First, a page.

Australian sporting memorabilia in sharp auction focus

Author: Richard Brewster | Posted: 8th June, 2021

As a leg spin bowler and lower order batsman, the late Terry Jenner played nine Tests for Australia and one One Day International match between 1970 and 1975.

Despite reasonable performances with both bat and ball (his best figures were 5/90 and 74 runs in different Tests), he was never a regular member of the Australian team.

However, in latter years Jenner was a leg-spin coach to many international players and a great influence on Australian leg-spin legend and record holder Shane Warne.

Jenner suffered a massive heart attack in April 2010 and died in May the following year, aged 66.

His baggy green Test cap (lot 153) is among more than 1450 items to be auctioned at Abacus Auctions forthcoming Sporting Memorabilia & Collectables, Coins, Banknotes, Medals & Militaria two-day sale from 10am Thursday June 17 and continuing at the same time Friday June 18 at 29 Hardner Road, Mount Waverley.

Because of current Victorian Government COVID-19 restrictions, the auction will be conducted online.

However, Abacus Auctions is hoping restrictions will be lifted in time for a small number of bidders to be present in the rooms and is urging auction goers to constantly check its website for viewing and attendance updates.

Sporting memorabilia head Max Williamson also is providing video displays of boxed lot numbers for those auction goers visiting the website.

The sporting memorabilia section comprises the auction’s first 680-odd lots and features such highlights as a match-used bat (lot 62) signed by its owner outstanding English batsman Elias “Patsy” Hendren and the English and Australian team members of the 5th Test in the 1938 Ashes series – when England scored 7 declared for 903 runs.

The previous lot (61) features an attractive corner display case with the results of 1934 Tests and averages between the two countries with a miniature bat signed by players of both teams.

There is an interesting black and white photograph (lot 122) of Australian cricketing icon Sir Donald Bradman in full batting flight and a 1907-08 Melbourne Cricket Club membership badge (lot 106) for those buyers who love affordable nostalgic memorabilia.

Australian Rules football memorabilia is always popular and, with Richmond Football Club the reigning premiers, a 1973 Richmond premiership poster (lot 223) by the late cartoonist Weg in Melbourne’s afternoon daily newspaper of the day, The Herald, as part of a red album collection is bound to appeal.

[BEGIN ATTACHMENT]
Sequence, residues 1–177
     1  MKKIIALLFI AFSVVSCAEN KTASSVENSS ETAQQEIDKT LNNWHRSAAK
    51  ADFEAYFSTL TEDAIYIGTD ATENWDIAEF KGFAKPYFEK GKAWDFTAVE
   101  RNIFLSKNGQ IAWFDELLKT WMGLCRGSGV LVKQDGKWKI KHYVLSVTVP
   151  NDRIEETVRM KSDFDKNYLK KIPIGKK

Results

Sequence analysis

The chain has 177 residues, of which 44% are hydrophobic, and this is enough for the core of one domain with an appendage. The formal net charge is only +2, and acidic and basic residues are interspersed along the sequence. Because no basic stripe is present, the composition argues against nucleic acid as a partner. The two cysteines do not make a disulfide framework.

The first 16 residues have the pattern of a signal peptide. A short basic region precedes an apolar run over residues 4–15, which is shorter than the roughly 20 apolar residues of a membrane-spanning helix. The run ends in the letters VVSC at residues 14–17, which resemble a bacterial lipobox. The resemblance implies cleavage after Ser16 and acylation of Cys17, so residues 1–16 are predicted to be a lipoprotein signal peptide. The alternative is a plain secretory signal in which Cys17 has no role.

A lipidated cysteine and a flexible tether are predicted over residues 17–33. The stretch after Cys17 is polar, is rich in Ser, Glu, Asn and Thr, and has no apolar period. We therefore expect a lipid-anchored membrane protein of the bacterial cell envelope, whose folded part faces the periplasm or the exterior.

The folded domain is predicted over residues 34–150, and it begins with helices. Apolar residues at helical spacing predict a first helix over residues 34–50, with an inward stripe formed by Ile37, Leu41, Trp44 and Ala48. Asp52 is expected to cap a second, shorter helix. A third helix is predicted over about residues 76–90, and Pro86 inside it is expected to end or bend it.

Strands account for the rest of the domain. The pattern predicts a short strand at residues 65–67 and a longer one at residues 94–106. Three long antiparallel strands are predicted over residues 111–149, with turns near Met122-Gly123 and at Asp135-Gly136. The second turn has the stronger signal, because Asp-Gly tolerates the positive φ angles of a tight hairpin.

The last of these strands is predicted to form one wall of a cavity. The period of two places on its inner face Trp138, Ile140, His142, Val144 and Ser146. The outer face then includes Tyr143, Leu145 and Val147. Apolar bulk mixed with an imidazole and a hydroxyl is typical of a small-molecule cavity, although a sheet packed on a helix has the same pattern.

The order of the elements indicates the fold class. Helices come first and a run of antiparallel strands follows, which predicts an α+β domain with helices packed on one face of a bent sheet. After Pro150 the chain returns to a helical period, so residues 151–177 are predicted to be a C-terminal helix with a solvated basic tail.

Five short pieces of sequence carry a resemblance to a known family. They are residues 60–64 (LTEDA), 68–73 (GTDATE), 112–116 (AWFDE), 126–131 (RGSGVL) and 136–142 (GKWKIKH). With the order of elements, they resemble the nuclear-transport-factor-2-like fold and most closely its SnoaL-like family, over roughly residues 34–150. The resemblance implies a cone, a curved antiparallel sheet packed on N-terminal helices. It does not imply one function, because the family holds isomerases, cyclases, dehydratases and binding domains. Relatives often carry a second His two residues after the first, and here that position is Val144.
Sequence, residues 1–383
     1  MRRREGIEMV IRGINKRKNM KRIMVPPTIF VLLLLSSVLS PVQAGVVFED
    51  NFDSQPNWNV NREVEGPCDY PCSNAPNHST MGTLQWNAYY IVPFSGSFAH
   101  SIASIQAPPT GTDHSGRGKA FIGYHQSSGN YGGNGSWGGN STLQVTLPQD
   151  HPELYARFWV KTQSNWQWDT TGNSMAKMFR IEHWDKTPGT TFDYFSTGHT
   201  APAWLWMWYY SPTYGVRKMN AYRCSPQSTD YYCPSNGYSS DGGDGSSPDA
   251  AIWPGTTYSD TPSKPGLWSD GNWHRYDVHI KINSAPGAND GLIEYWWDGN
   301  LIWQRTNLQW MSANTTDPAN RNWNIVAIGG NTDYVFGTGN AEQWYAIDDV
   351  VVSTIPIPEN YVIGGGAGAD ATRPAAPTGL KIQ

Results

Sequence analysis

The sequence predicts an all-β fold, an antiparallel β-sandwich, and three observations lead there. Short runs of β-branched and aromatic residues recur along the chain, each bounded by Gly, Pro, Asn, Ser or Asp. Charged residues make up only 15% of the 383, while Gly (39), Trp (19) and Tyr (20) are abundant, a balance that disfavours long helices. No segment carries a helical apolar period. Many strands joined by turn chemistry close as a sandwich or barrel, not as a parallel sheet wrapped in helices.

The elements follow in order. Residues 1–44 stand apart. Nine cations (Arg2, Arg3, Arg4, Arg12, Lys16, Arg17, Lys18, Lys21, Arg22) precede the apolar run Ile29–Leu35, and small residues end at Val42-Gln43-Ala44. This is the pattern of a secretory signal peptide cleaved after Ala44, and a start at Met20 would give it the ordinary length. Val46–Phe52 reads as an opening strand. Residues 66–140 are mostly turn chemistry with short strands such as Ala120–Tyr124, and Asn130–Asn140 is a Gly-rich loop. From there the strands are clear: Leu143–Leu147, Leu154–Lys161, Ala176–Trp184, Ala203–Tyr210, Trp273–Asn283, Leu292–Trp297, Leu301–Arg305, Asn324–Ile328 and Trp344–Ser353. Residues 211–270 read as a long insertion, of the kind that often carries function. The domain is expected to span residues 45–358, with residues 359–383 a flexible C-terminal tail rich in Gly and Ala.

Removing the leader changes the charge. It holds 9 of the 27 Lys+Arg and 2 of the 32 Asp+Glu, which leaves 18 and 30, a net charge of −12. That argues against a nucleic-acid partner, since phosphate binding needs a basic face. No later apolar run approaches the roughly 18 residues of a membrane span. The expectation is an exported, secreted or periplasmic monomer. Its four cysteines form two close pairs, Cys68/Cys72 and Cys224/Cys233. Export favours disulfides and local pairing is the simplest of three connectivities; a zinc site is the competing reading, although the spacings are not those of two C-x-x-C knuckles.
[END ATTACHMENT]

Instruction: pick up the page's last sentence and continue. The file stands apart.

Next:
The 1918 Leading Goalkicker Medal (lot 255) won by Carlton’s Ern Cowley and awarded retrospectively in 2004 to his family is another interesting attraction.

Cowley came to Carlton from the Victorian Football Association club Brunswick and topped the Victorian Football League’s goal kicking with 34 goals in his first season. He played another year with Carlton before returning to the VFA.

Cowley also was a proficient baseball pitcher who represented Victoria in interstate competition and invented the football game Austus – a combination of Australian and American football played between Australians and visiting American servicemen during World War II.

Other interesting sporting memorabilia items include a 1960s bobblehead figurine (lot 290) in Bulldog colours made in Japan by Grizelle, cigarette and trade cards such as lots 376 (South Melbourne Football Club) and 385 (Collingwood’s Dick Lee who played 230 games, 1906-1922), an oil painting (lot 531) of champion Australian horse sprinter Black Caviar who was never defeated in 25 races and a Phar Lap print (lot 535) with photo images of his four victories over the 1930 Melbourne Spring racing carnival including the Melbourne Cup.

Unusual is lot 798 – a Western Australian plate of six crinoid fossil specimens featuring Jimbacrius bostocki from the Permian Period 280 million years ago.

Jimbacrinus had five arms lined with fine tentacle-like structures called pinnules. Echinoderms with mineralised skeletons first became fossils about 540 million years ago and today there are still about 600 species of crinoids on Earth.

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